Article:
When we arrived in August of 1943, the first two phases had been completed.
There were two vacant lots across from our home in the 200 block of S.
Around the corner, at Palmway and Third Avenue S.
Such lots were common throughout the city.
There was one big undeveloped tract bounded by B and F streets and 6th and 12th avenues, broken rialto casino flashback only by a few sandy trails.
The Whispering Pines subdivision south of 12th Avenue was yet to be built.
What I remember most about the Whispering Pines land was how Dad would take me with him in December to cut one of the pines for a Christmas tree.
These were slash pines and they were so crooked that the tree had to be tied up to keep it standing.
Undeveloped areas dotted the county Other cities were similarly spotty in development.
In the south end of West Palm Beach was a large undeveloped area bounded by Dixie Highway, Olive Avenue and Beverly and Gregory roads.
The site of St.
After Juno Beach were several more miles of open country until you hit Lake Park.
From Lake Park through Lantana the highway as solidly urbanized.
But there then were miles of open country between Lantana and Boynton Beach, between Boynton Beach and Delray Beach, and between Delray Beach and Boca Raton.
The first subdivision between Delray Beach and Boca Raton was Hidden Valley, which led to the observation that if there had been a valley in that area, it certainly had remained well hidden.
When sculptor Leno History! red rock casino vegas golden knights right! and his wife were murdered in their U.
The home was at least a mile from any neighbors.
Most cities in those days were self-sufficient, and Lake Worth was no exception.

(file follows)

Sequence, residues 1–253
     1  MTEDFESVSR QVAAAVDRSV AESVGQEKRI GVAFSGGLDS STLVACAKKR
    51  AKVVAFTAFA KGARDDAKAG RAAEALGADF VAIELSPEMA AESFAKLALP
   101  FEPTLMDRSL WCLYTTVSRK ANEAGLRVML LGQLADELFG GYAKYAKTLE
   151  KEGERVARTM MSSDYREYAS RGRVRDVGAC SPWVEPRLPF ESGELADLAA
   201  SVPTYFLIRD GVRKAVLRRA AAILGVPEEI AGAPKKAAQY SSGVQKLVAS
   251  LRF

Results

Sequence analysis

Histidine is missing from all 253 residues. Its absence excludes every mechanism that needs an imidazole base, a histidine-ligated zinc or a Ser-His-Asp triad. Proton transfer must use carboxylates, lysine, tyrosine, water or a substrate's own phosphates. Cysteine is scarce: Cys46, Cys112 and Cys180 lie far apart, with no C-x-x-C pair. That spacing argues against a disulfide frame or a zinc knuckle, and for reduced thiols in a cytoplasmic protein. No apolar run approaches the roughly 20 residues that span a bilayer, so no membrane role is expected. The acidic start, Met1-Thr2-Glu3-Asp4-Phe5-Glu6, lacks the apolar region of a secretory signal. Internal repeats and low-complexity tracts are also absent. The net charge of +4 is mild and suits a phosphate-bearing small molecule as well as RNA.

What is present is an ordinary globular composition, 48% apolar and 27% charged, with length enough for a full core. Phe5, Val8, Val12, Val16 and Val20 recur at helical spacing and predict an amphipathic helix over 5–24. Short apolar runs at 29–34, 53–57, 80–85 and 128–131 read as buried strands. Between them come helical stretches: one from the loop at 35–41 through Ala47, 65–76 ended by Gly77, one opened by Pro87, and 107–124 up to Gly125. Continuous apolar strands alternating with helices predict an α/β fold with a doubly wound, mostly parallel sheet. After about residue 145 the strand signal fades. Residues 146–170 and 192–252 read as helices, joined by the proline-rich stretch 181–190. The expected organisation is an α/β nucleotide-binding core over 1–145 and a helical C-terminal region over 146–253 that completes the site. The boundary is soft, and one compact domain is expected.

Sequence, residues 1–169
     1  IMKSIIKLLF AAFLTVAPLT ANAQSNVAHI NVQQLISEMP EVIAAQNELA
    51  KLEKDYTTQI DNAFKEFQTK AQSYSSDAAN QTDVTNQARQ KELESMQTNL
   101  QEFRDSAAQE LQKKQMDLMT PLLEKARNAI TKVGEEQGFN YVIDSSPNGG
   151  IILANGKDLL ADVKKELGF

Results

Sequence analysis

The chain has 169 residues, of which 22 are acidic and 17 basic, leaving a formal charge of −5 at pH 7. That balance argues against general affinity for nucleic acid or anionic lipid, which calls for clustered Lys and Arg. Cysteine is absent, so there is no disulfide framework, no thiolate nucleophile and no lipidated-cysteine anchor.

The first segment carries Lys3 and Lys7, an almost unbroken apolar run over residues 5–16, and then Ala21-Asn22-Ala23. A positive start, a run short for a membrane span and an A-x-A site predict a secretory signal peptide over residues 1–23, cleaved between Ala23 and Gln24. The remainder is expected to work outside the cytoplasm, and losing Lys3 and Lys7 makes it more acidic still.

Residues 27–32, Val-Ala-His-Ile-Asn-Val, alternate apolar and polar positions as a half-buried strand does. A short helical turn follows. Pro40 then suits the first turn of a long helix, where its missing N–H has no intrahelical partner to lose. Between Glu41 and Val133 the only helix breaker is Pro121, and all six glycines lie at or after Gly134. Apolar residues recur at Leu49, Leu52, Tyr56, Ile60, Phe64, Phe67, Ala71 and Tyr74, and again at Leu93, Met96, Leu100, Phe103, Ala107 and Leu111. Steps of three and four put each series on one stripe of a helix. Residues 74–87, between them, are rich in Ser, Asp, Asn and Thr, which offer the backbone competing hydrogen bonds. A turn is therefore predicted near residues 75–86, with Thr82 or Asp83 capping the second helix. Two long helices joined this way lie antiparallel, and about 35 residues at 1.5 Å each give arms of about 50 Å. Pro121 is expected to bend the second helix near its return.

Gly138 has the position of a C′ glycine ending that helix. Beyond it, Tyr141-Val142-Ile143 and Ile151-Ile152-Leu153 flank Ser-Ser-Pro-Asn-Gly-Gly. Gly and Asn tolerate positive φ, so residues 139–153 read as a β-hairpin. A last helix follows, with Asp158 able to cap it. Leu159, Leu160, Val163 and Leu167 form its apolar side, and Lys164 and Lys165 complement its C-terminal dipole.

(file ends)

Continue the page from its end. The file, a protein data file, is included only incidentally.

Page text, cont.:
One of the latter was built shortly after the war on the site of an outdoor bowling alley with concrete lanes and duckpins as well as standard tenpins.
Yes, those lanes were just about as crude as they sound.
I did my first tenpin bowling and my only duckpin bowling there, with the expected degree of success.
Each September, Mother and I would trek to The Book Store — that was its name — between K and L streets on the south side of Lake Avenue, to get read article school supplies.
Evidently the schools had been in touch with the store beforehand, as everything needed always was on hand, from pencils to paste pots to protractors.
Once I was old enough to go alone, I would spend my Friday afternoons in the Worth Theater, the building that now houses the Lake Worth Playhouse.
My mother would give me a quarter.
The double-feature bill of a Western and often a Bowery Boys film, plus a serial, cost nine cents.
Sometimes I had no idea what to with the other six cents.
On family outings we would go to see a first-run film at the Lake Theater, now a shuttered museum at Lake and L.
Downtown West Palm Beach was the big city When Lake Worth was not enough, there was always downtown West Palm Beach.
Mother and I would catch a bus a block from our house that would deposit us at Banyan Boulevard then First Street and Olive Link />Here we had out choice of three major department stores within a block.
Montgomery Ward was on the east side of Olive where the city parking garage now sits.
West Palm Beach was big time to someone from Lake Worth.
It had three 5-and-10s and four movie theaters.
There was the Florida, in the wedge formed by South Clematis and Narcissus, the Rialto on the east side of Narcissus north of Clematis, the Arcade behind the Comeau Building and the Coral on the north side of Clematis between Dixie and the FEC Railway tracks.
The only theater building remaining downtown is the Cuillo Center.
It was built as the new Florida Theater in the 1950s and the Florida was renamed the Palms.
Generally, Mother and I went north just to shop for clothes, usually at Montgomery Ward.
I got my first and only baseball glove, a Johnny Pesky model that I still have, at the Montgomery Ward sporting goods store that sat on the First Street now Banyan Boulevard side of what now is the parking lot of the just-vacated City Hall.
When we were finished shopping, Mother and I would walk to First Street and Dixie, near the Firestone tire store, to catch the southbound bus home.